First sentence: “What is the kingdom of God?” The student leaned back and looked at me. I paused, fumbled around, then tossed out some words, but I ended my little incoherent bluster by saying that we would find out as we continued to study Matthew.
The book presents an overview of the entire Bible through the theological/doctrinal lens of 'the kingdom of God.' The book explores what the phrase 'kingdom of God' means throughout Scripture. It would be tempting to define this key concept just based on the gospel readings, for example. But a more accurate assessment must consider all of scripture. He uses the Jewish ordering of Scripture when he discusses the Old Testament. (If you've never read the Old Testament this way, I do recommend it!)
How does Schreiner define the kingdom of God?
The kingdom is the King’s power over the King’s people in the King’s place.
So what is the kingdom? It is concrete; it is earthy; it is people; it is place; it is about Jesus; it concerns the cross; it is about the new heavens and the new earth; it is about community, politics, order, bodies, and human flourishing. It is about power, family, thrones, walls, gates, rivers, and streams.
Jesus did not invent the concept of kingdom. Rather, it started in the garden and has always concerned people, place, and power.
Only when we connect the dots from the first page of the Bible to the last do we begin to see that on every page the kingdom concerns the King, his people, and their place. And at the center of this kingdom plan stands a wooden cross covered in blood.In part one, the focus is on the Old Testament. What can we learn about the kingdom of God in the law? in the prophets? in the writings? In part two, the focus is on the New Testament. What can we learn about the kingdom of God in the gospels? in Acts? In Paul's letters? in the general letters? Of course, this is all leading up to what can we learn about the kingdom of God in the book of Revelation?!?!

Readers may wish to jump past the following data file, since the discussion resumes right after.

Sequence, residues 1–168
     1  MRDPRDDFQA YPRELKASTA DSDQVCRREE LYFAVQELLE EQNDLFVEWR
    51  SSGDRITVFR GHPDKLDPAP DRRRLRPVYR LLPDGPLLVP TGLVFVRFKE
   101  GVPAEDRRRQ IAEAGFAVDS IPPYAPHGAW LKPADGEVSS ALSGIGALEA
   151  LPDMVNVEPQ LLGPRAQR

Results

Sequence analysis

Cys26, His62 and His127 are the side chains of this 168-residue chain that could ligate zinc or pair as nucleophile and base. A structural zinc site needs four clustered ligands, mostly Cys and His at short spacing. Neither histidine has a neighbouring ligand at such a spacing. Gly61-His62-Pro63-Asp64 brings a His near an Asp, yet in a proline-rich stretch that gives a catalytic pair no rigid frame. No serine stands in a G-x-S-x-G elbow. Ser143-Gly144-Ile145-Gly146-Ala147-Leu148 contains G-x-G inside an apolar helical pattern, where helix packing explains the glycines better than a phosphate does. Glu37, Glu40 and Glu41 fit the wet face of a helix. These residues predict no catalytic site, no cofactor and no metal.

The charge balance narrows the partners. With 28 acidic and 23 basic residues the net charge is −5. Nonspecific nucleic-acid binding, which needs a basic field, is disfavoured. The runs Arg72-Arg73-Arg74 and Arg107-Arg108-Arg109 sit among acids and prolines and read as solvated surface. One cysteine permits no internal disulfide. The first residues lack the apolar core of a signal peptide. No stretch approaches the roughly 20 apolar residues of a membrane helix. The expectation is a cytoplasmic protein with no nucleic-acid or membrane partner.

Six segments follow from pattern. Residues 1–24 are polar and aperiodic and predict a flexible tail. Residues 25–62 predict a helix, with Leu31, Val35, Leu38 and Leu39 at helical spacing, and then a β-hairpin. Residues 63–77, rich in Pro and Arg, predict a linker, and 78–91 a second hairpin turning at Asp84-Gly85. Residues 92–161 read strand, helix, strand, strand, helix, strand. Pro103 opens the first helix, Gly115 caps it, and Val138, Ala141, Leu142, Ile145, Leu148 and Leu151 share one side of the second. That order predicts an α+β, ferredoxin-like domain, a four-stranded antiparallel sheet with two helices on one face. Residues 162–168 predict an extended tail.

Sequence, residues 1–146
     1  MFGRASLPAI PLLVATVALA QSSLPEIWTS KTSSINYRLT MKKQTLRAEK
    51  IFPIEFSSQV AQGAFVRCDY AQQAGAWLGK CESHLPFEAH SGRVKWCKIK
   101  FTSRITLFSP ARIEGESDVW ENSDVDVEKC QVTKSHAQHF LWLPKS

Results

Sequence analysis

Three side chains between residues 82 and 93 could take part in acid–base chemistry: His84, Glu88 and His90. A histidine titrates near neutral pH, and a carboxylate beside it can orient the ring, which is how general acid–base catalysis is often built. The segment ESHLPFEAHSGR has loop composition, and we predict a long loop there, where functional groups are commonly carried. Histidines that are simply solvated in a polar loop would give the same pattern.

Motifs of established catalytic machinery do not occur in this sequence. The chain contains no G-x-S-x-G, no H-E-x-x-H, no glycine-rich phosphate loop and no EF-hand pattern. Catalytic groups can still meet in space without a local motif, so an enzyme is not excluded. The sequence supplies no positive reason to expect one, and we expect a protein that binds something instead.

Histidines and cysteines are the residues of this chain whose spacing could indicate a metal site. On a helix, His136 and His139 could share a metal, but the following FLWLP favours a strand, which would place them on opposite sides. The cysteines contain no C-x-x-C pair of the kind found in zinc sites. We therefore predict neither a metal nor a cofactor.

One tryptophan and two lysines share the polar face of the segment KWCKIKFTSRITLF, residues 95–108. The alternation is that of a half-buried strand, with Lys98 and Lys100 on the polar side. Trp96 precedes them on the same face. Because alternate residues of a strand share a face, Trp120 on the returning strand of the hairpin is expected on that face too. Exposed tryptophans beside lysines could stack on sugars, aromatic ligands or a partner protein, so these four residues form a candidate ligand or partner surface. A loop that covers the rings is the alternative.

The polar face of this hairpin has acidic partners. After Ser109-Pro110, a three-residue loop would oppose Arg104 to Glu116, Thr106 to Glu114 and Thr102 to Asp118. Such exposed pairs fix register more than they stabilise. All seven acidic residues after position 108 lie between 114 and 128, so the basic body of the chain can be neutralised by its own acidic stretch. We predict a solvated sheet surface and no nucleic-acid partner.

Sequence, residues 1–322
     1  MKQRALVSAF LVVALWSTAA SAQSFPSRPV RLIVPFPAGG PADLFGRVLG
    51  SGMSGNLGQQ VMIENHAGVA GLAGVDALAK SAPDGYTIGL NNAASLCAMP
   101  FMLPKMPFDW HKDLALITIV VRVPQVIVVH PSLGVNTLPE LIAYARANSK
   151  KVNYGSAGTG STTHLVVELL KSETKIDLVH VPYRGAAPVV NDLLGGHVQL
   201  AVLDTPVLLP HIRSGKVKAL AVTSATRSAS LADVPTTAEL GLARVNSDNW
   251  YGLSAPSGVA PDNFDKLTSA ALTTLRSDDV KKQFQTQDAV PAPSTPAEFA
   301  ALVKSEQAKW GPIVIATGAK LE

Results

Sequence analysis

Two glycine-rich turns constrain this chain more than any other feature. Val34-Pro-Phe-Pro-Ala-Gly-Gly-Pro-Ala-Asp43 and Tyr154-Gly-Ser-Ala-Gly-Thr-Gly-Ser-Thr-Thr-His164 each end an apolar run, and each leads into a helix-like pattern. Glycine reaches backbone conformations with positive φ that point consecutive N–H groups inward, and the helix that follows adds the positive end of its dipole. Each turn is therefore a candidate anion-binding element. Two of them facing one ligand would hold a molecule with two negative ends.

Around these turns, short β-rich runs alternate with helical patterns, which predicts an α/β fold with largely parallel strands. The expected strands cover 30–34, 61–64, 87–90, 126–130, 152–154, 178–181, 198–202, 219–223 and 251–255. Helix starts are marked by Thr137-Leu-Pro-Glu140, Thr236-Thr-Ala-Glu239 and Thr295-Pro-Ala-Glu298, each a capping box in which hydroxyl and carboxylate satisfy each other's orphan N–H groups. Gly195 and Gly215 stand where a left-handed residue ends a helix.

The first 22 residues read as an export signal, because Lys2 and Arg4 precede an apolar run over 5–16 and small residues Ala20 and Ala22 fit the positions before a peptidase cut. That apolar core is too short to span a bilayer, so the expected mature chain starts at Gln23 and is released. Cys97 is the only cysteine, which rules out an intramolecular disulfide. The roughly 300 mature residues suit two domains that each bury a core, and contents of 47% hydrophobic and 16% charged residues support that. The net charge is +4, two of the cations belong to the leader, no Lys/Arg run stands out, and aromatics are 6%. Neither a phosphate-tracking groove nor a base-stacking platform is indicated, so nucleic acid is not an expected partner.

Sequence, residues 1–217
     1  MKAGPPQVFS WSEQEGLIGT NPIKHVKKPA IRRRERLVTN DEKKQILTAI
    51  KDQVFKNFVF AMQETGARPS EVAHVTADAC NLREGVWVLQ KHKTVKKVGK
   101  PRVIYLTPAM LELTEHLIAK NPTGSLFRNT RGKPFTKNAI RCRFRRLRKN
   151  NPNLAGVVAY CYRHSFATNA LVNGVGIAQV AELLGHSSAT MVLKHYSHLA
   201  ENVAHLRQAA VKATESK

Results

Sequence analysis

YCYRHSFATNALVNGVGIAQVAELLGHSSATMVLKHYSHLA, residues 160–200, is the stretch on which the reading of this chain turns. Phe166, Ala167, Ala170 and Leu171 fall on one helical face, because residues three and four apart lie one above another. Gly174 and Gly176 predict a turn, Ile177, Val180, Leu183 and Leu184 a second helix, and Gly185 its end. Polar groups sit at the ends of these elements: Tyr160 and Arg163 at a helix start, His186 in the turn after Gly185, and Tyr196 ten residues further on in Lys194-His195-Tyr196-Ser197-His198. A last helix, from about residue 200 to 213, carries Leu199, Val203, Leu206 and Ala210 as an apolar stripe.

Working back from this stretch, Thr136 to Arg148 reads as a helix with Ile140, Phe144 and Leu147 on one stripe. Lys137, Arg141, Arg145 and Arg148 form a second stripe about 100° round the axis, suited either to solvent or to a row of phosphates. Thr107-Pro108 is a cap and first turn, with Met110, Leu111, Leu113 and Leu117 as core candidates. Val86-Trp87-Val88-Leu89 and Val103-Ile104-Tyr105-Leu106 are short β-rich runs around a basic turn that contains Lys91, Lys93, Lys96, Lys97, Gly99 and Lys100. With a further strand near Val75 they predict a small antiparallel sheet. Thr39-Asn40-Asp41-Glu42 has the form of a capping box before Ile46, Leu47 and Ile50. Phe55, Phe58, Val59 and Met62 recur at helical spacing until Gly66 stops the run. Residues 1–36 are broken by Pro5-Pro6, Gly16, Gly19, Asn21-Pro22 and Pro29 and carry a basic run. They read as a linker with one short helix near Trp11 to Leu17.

I would definitely recommend this one. It may be a "short study" in Biblical theology--but it packs in a lot of substance or 'meat.'
The whole of Scripture culminates on a mountain, and at the top of it we find a tree—the cross. The Gospels present the kingdom realized through the cross. The cross establishes the kingdom; the kingdom comes through the cross. But if the kingdom is people and place, then the kingdom is also hidden beneath the people of God (the church). The cross lives on in the people of God and the places where they gather together. When they take up their crosses and follow Jesus, there the kingdom is.
The kingdom is not a higher or more important theme than the cross. These two realities are forever joined; separating them is an act of violence. If the kingdom is the goal, then the cross is the means.
Kingdom and cross must mutually interpret each other, and they must be kept in the same orbit.© Becky Laney of Operation Actually Read Bible